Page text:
If you are a developer like me, you probably spend lot of time in your terminal. I am sure you’ve encountered situations where you have a long-running process to run in terminal but you don’t have the time to wait for it to finish (e.g., for iOS developer the pod repo update command for CocoaPods takes a long time). Won’t it be nice if your terminal can trigger a notification in notification center when the process is done?

Well there are some solutions for this, like terminal-notifier, but come on, why should we use these external tools if we can build our own in a few simple steps?

The first thing we need is /usr/bin/osascript (documentation), which allows us to run AppleScript from terminal.

For example, the following command triggers a hello world notification:

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osascript -e 'display notification "hello world from terminal!" with title "Hello World :)"'

We can also add a sound effect to it. For example, the following command play the classic glass sound effect with the notification:

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osascript -e 'display notification "hello world from terminal!" with title "Hello World :)" sound name "Glass"'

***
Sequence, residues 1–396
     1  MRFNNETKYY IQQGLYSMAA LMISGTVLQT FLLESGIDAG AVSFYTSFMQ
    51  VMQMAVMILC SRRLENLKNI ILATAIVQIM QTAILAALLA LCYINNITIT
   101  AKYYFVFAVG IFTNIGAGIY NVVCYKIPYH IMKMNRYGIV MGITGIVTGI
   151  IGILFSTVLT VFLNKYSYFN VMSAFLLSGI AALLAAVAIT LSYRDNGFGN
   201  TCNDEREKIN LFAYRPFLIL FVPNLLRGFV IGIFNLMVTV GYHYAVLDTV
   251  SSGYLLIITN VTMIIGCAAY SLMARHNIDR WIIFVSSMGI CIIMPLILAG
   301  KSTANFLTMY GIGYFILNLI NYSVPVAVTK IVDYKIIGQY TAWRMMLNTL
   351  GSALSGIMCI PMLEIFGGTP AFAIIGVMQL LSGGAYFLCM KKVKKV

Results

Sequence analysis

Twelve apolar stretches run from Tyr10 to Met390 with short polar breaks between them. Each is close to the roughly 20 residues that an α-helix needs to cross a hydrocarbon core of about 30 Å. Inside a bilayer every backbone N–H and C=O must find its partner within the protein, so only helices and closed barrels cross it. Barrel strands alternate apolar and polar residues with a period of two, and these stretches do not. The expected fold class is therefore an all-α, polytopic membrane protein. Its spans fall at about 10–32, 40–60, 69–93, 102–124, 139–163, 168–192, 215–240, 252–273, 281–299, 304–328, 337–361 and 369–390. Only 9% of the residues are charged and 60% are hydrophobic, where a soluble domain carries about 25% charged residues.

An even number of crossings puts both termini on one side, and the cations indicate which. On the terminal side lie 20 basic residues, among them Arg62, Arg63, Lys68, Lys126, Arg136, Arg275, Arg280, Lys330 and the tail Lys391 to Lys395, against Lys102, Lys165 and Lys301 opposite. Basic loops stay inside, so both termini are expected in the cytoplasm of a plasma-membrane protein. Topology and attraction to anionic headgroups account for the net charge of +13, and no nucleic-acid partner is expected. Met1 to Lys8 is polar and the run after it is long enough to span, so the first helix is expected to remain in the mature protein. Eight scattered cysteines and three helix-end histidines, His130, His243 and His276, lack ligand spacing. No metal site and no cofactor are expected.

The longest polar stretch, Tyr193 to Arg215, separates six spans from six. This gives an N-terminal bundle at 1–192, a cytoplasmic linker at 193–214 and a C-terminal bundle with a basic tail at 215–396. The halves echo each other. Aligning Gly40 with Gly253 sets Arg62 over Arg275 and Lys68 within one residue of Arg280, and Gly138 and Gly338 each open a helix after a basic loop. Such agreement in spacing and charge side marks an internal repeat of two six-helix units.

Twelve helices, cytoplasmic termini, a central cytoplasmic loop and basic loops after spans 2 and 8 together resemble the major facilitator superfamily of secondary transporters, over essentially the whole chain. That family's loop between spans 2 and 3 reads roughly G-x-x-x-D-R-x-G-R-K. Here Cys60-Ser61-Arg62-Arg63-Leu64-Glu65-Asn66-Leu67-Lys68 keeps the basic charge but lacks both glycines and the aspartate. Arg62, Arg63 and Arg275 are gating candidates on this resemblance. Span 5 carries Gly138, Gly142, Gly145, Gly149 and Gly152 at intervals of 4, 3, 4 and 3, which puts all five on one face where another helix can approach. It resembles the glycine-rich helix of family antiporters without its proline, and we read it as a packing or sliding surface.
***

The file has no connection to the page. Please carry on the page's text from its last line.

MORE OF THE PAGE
The sound name "Glass" can be replaced by any sound file name in your System/Library/Sounds folder. Go ahead and play with them :)

So we can set up a alias like this (works for both bash and zsh):

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alias notify="osascript -e 'display notification \"Task finished\" with title \"Terminal\" sound name \"Glass\"'"

and test it:

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sleep 3; notify

You will see that after 3 seconds a notification like this shows up and the glass sound effect will be played.

Hooray! So are we done now? Not yet! aliases are temporary and only work in the terminal session you define them. To make this permanent we can create a .aliases file in your home directory with the aliases you would like to use like this. And if you are using zsh like me you can put it into your .zshrc:

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source $HOME/.aliases

Now open up a new terminal session and test it out:

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sleep 3; notify

and it should always works now.